California Attorney General Brown Gets Microsoft to Change Vista
WASHINGTON D.C. – California Attorney General Edmund G. Brown Jr. announced today that Microsoft has agreed to make significant changes in the design of its desktop search feature in the Windows Vista operating system. Details of Microsoft’s agreement were outlined in a joint status report that was filed today in federal district court regarding the company’s compliance with a 2002 antitrust Final Judgment.
California Attorney General Edmund G. Brown Jr. said: “This agreement—while not perfect—is a positive step towards greater competition in the software industry. It will enhance the ability of consumers to select the desktop search tool of their choice.”
The California Attorney General’s Office became concerned with allegations that Microsoft was in violation of the Final Judgment after Google presented a complaint about the desktop search function in Vista, referred to as “Instant Search” in Microsoft’s promotional materials. Google argued that desktop search in Windows Vista is a “Microsoft Middleware Product” (MMP) and is therefore subject to the Final Judgment. The state contended that Vista’s desktop search feature is functionality that did not exist in prior Windows operating systems and is therefore covered under the Final Judgment.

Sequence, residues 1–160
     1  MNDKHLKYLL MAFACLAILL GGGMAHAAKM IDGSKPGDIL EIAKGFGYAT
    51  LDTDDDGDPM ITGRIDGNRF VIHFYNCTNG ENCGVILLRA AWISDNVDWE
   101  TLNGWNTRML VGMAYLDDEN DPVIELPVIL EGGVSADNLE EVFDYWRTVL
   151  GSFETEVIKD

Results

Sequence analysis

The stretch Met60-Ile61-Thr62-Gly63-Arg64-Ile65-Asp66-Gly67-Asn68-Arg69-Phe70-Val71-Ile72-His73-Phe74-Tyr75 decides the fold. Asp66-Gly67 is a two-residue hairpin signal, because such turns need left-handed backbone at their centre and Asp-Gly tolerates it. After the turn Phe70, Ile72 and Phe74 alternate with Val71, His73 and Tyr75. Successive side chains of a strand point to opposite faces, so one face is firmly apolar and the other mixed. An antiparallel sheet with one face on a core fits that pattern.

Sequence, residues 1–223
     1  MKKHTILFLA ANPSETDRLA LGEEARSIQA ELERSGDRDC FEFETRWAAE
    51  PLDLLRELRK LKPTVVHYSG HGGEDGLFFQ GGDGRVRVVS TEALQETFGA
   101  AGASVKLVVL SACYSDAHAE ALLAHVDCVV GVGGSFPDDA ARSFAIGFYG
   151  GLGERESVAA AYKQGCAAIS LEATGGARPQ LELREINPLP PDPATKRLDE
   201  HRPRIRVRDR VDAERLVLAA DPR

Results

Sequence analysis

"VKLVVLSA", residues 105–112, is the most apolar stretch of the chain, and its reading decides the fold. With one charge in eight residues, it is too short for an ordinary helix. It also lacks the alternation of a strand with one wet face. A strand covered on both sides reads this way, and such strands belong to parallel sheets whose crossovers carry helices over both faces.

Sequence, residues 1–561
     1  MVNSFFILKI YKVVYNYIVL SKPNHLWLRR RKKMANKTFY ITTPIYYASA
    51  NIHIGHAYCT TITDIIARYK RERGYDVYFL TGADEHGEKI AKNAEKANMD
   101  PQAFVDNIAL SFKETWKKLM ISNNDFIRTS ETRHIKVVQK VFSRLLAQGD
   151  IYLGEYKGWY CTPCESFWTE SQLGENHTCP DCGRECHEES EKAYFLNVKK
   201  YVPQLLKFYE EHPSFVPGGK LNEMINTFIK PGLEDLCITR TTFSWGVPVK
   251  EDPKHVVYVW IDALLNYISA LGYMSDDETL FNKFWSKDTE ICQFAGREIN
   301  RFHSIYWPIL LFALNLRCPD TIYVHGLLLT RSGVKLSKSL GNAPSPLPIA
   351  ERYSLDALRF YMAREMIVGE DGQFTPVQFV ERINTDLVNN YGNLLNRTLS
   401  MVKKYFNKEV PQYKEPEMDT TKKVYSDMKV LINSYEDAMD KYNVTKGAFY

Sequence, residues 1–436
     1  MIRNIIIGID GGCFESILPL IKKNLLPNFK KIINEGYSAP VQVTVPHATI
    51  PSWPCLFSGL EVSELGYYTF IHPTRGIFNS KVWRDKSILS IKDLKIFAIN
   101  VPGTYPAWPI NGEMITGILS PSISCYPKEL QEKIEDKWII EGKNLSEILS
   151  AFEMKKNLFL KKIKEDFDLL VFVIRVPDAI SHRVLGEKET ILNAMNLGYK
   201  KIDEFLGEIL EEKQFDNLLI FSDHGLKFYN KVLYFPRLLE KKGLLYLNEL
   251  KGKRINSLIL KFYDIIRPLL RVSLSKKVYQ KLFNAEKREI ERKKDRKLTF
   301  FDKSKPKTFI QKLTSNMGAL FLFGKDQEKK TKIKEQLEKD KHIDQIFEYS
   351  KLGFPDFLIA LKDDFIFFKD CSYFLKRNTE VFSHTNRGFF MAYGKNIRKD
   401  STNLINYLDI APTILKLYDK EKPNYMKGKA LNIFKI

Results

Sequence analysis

Under the proposed solution, Microsoft will provide users and Original Equipment Manufacturers, such as HP or Dell, with greater flexibility to choose and access competing desktop search products. Microsoft has promised to deliver the required changes in a beta Service Pack 1 of Windows Vista, which Microsoft currently anticipates will be available by the end of the year.
The attorney general announced the agreement in conjunction with Microsoft, the United States Department of Justice and Plaintiffs in the New York Group (including New York, Ohio, Illinois, Kentucky, Louisiana, Maryland, Michigan, North Carolina, and Wisconsin) and the California Group (including California, Connecticut, Florida, Iowa, Kansas, Massachusetts, Minnesota, Utah, and the District of Columbia). The changes resolve complaints lodged against Microsoft under the California Group’s Final Judgment from November 2002.
The agreement is reflected in the attached joint status report, filed today in the federal district court in Washington D.C. The Final Judgment is also attached. The Judge is Colleen Kollar-Kotelly.